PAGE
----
Before twitchers start booking CalMac ferry tickets to Tiree – it’s not there anymore. Its accidental visit had to be kept secret until it had gone.
An unusual bird, normally seen only in the USA, the Cedar Waxing was photographed in a garden on Tiree.
Just a bit bigger than a house sparrow, it is thought to have been blown thousands of miles off course during its migration, by strong westerly winds.
The brightly coloured fruit-eating bird is so rare in Britain that it has only been recorded previously on two occasions: once in Shetland in 1985; and once in Nottingham in 1996.
Local RSPB Scotland officer, John Bowler, says: ‘When it turned up in a really exhausted state, the garden’s owner was unable to identify it, so gave me a ring.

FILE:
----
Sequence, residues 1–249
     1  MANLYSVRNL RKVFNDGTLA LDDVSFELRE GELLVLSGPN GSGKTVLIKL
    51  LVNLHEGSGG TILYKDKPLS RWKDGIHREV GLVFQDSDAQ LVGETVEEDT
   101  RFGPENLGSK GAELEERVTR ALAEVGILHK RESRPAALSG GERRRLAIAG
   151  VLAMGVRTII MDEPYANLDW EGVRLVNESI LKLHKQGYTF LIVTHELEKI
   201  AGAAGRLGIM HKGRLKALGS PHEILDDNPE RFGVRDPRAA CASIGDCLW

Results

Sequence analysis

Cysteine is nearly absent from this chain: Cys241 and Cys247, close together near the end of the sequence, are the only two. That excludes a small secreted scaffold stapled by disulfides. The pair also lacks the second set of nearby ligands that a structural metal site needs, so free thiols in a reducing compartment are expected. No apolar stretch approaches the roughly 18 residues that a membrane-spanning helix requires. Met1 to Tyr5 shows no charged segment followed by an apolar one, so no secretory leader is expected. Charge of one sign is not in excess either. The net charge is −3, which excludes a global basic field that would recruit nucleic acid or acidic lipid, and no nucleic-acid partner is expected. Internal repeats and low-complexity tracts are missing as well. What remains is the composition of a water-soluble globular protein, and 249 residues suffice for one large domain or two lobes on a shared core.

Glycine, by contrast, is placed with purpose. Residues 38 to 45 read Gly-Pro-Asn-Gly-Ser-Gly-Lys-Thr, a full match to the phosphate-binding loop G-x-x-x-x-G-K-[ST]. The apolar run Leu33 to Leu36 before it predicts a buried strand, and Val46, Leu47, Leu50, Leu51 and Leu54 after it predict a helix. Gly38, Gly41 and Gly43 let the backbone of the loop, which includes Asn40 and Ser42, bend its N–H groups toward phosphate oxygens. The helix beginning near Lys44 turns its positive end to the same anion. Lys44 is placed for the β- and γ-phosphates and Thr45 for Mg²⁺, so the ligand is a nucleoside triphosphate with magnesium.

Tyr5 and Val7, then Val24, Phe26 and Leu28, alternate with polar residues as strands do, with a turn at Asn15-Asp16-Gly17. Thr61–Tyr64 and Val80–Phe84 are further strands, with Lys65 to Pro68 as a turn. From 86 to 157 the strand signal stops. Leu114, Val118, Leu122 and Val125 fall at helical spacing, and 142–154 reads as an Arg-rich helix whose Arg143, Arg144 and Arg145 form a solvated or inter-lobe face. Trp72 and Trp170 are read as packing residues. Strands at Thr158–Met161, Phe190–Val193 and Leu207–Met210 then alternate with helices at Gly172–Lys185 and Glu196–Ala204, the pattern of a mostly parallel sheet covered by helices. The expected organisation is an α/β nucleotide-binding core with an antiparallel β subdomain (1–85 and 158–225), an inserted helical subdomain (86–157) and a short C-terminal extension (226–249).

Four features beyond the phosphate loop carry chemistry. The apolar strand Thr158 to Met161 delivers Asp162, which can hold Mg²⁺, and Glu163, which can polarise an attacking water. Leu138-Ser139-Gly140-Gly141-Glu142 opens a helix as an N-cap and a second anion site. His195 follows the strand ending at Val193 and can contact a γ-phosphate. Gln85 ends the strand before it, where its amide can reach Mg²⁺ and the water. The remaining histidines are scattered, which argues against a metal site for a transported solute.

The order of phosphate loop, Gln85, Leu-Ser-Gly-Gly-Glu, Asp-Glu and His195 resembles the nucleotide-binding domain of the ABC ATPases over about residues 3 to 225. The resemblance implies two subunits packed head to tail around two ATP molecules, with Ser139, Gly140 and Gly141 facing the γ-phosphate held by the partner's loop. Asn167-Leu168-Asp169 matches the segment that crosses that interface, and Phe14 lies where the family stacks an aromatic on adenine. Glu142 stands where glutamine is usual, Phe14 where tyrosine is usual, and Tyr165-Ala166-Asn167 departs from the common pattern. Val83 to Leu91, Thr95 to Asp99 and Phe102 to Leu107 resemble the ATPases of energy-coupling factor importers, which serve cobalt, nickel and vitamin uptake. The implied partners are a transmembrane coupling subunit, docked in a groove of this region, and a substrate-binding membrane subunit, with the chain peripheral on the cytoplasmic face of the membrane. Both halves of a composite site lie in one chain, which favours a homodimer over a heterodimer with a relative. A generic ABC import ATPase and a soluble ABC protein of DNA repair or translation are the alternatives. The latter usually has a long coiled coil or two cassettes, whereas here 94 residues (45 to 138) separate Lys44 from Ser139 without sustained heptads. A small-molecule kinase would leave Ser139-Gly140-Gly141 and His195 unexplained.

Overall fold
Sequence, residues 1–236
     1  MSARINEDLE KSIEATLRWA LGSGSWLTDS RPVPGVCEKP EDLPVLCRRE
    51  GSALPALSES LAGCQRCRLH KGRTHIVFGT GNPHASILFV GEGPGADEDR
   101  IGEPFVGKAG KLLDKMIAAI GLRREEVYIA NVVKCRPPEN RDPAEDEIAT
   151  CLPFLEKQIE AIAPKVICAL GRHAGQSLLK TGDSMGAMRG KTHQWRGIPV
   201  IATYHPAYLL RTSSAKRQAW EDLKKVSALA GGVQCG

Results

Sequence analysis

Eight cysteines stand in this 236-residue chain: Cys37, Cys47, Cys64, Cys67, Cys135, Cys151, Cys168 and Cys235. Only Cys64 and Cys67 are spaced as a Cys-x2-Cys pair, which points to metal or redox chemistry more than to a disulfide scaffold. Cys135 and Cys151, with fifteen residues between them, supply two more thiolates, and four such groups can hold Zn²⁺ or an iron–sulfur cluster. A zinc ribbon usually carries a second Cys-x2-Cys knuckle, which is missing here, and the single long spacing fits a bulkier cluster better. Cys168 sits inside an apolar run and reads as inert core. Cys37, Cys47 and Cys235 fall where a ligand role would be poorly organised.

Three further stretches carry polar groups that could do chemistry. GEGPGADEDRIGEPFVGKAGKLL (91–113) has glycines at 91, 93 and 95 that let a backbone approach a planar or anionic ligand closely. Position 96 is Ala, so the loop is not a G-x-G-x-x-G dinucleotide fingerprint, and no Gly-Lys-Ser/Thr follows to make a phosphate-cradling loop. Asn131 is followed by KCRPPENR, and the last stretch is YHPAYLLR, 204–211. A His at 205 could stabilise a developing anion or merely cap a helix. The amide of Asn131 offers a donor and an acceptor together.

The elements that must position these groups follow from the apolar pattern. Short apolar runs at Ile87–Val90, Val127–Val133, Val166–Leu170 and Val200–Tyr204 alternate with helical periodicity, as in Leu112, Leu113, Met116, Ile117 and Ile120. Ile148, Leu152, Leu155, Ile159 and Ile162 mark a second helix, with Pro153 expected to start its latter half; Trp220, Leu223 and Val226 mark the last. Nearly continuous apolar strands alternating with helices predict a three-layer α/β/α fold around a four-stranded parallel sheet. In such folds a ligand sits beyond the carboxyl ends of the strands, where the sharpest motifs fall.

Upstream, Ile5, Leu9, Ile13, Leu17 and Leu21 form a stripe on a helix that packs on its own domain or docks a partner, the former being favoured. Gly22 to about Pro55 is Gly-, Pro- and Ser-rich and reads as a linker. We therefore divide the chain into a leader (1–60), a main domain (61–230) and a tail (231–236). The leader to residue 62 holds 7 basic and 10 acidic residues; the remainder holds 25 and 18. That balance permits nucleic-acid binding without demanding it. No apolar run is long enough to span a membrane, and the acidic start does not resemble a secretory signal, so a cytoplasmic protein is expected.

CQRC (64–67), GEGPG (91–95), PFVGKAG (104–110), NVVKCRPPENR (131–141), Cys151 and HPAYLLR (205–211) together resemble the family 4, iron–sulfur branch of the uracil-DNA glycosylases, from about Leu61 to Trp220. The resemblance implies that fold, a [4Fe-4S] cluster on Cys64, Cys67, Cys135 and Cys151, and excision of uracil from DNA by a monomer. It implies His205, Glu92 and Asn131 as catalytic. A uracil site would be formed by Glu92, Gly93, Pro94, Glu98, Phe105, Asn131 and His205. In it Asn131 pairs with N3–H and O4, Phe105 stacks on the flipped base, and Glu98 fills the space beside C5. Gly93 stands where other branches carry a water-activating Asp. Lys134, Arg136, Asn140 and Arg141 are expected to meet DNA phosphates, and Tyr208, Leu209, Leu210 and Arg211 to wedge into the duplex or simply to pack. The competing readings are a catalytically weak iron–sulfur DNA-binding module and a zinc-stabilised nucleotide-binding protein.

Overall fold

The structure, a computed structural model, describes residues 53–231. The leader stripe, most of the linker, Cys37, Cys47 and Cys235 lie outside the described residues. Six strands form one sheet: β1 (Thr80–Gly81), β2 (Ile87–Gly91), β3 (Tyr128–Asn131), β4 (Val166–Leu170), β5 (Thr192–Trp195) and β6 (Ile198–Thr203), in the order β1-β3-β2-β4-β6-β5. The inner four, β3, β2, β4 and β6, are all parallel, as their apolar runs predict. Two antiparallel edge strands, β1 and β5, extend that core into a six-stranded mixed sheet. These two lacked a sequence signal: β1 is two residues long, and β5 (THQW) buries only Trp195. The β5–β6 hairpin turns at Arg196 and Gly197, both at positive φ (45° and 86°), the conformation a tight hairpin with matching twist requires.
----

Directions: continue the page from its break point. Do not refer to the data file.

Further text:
‘We get all sorts of unusual birds turning up at this time of year, so I’d no idea what to expect, but I was a bit shocked when I finally saw it.
‘Cedar waxwings are such rare and exotic visitors, that it would normally have attracted a large number of twitchers to the island. However, since it was in a private garden, its appearance had to be kept a secret until after it had gone.
‘It feasted on cotoneaster berries for several days, regaining its strength, and was last seen at the end of September before heading south.’
Twitching is a specific type of birdwatching where people travel, sometimes long distances, to see rare birds, usually species that are non-native to the UK and which are here by accident.
This autumn has proved a particularly good twitching season, with strong winds bringing many rare species to the UK.
(story from ForArgyll.com)